All I can say about any of this is that the interplay of racial ideas, privilege, ethnicities, and cultures in Mexico presents complexities beyond the understanding of a tourist on a quick visit. But despite knowing I cannot be certain that I can meaningfully interpret what I was seeing, it was a gift to have a chance to see it.

Tuesday, July 24, 2007

The basilica of the Virgin of Guadalupe


Yesterday we rode the moving walkway below the famous relic of the Virgin of Guadalupe at her basilica in Mexico City and looked up at it from this angle. I was almost afraid to go -- would this shrine to the mother of Jesus (and of Mexico), a mother who revealed herself to a poor indigenous peasant, be exploitative or simply tacky? At least on this day, we were thrilled to find it neither, but rather very moving indeed.


"Am I not here with you, your mother?" The new basilica where "her shawl" resides is grand in the way of modern Roman Catholic architecture, for me reminiscent of the 70s vintage cathedral in San Francisco.


The old basilica sits next door, leaning badly after surviving a few too many earthquakes. Inside, it is under repair, full of scaffolding.


Up a short steep hill there is another chapel and the sites where the Virgin is reported to have appeared to Juan Diego.


There is also yet another small church, an architectural gem, dating from the 18th century, the "Templo del Pocito" (the small well). It's details are worth looking at more closely:


Were the Spanish builders of that era perhaps influenced by Moorish designs?


When we entered the basilica, mass had just begun. The hall was full of pilgrims, many families with babies, and some Mexican tourists. It was certainly not packed.


Judging by his miter (pointy hat) and staff, it was clear the celebrant was a bishop.


When the bishop rose to preach, we were astonished by his homily. Our friends in Mexico didn't accompany us on this visit to the basilica; they are among the millions of progressives here who have given up on the church as a guardian of property and unjust privilege. The Vatican has done a good job in Mexico of killing off any whiff of Liberation Theology, the radical Roman Catholic "preferential option for poor" outlined by some Latin American bishops. Yet what follows is a pretty accurate paraphrase of this bishop's preaching:

In Jesus, God lived lives among us, among you, alongside us. Jesus came to save us from our sins -- but sin is not just things individuals do wrong. Sin is also social. The system that creates poverty and violence is sin.

Our people suffer many kinds of sin, many kinds of violence. Narco-trafficking is a sinful violence. Violence in the home against women and children is also a sin.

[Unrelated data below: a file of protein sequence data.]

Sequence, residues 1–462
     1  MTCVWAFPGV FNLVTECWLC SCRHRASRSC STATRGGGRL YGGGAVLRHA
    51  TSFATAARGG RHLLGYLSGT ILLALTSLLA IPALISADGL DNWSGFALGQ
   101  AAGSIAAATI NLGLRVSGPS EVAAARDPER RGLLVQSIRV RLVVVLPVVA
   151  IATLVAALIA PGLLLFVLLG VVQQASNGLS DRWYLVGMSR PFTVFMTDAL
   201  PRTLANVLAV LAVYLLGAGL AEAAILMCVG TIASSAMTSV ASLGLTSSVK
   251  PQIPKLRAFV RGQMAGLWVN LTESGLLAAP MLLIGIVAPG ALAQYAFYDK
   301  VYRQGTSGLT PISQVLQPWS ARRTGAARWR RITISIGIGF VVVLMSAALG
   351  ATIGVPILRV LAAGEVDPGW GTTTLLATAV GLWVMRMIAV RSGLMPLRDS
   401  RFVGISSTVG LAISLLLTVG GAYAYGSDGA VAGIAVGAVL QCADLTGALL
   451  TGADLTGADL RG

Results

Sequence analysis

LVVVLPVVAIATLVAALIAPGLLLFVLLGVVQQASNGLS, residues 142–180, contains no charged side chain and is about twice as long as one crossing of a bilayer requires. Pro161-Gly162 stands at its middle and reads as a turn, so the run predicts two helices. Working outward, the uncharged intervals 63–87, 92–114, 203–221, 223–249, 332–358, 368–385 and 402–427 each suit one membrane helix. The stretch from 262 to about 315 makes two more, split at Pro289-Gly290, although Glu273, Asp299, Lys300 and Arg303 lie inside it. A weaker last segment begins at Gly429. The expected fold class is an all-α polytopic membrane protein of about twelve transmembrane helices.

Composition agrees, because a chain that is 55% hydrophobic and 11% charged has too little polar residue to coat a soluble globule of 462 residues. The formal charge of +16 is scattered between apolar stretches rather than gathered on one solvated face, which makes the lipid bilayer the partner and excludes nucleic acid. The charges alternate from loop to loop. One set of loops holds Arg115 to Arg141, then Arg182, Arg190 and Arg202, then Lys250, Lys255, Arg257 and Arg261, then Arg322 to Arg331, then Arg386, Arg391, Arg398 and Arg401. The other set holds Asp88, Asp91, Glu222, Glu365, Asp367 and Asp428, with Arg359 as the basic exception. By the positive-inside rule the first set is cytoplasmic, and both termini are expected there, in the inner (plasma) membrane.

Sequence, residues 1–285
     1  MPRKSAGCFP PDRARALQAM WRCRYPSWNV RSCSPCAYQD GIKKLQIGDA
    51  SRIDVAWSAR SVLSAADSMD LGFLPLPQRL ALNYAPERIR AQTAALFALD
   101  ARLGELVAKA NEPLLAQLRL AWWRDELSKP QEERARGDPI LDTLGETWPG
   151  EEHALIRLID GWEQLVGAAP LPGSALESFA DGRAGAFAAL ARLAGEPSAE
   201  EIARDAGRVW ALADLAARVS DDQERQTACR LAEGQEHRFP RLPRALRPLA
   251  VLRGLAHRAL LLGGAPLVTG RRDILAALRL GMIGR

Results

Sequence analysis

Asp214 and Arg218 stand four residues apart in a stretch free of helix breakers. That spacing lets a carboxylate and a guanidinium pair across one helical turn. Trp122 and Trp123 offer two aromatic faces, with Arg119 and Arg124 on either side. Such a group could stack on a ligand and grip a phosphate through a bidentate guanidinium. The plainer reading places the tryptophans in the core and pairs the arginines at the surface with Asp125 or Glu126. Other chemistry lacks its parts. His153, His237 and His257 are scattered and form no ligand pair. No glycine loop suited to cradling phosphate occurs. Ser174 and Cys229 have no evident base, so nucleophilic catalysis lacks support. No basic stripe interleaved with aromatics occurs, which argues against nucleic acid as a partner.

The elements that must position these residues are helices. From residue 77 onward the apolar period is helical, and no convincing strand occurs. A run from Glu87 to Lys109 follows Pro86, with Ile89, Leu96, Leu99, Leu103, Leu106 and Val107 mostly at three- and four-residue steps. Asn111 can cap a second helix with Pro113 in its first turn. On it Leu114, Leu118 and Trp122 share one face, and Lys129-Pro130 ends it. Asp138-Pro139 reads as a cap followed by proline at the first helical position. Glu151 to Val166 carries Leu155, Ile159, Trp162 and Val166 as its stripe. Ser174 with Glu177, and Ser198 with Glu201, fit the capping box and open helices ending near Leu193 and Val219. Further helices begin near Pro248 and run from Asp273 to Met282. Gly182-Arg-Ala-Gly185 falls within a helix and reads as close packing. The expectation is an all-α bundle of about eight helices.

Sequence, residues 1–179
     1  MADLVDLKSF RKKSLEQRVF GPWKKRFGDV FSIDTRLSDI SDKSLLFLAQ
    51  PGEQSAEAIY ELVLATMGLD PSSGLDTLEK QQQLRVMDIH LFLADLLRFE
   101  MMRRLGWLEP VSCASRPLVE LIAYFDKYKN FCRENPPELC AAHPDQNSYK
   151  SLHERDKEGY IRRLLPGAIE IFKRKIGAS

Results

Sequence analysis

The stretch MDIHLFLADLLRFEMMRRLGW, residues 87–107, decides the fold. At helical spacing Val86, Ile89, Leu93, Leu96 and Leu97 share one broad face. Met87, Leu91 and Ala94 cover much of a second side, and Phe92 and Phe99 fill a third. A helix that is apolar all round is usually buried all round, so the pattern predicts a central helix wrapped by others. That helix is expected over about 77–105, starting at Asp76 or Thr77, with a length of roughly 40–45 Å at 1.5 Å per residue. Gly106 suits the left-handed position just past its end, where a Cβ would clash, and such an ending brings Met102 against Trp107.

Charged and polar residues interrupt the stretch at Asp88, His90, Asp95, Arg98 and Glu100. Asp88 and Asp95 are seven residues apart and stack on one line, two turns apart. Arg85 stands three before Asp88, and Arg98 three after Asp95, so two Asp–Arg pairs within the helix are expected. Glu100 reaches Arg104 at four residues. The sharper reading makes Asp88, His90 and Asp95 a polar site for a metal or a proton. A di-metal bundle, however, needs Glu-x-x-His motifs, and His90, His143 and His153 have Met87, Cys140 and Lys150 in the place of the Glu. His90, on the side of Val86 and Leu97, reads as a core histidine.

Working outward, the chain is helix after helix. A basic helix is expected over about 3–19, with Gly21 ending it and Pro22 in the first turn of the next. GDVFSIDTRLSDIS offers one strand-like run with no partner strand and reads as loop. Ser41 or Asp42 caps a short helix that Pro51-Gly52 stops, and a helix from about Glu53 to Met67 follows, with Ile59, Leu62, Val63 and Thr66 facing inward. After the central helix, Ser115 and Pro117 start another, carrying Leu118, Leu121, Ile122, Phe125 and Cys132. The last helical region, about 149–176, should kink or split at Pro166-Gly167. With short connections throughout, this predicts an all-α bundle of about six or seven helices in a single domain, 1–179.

There's not only violence between the people, but also violence done by state authorities to the people -- detentions, torture, and militarization. The army has been used against the people. The conditions that caused the violence in Oaxaca last year still exist; nothing has changed. [This was said as news of riots in Oaxaca last week and fears of more protests to come were the content of the front pages of newspapers.]

There is still no justice for the families of the 65 miners buried alive in the collapse of an unsafe mine in February. [The families are campaigning for prosecution of the mine owner -- they stand in the Zocalo in Mexico City with their banners.]

It is a wrong that there is no work for our people, so they have to travel to the north to work. There should be a just immigration law in the United States that protects those who go to work. As well, Mexico should understand the people displaced by the forces of global business who come north to Mexico! Mexico also should have fair and honest laws respecting immigrants from Central America.

When we told our friends about the content of the sermon, they were amazed. It seems we had stumbled into a service presided over by Mexico's sole "red bishop" -- Raul Vera Lopez from the backwater rural state of Coahuila.

Vera is quite a guy. He was made a bishop and sent to Chiapas with the expectation that he'd be a conservative successor to Mexico's last "red bishop" -- Samuel Ruiz Garcia of San Crisobal. Instead, he too came to believe that his role was to defend his flock, the poor and marginalized, so he was shunted to the hinterland. There, he continues to outrage conservative Mexicans and the Vatican. He has spoken up for women raped by soldiers and for legalization of same sex couples. It certainly was a great privilege to hear this courageous priest preach.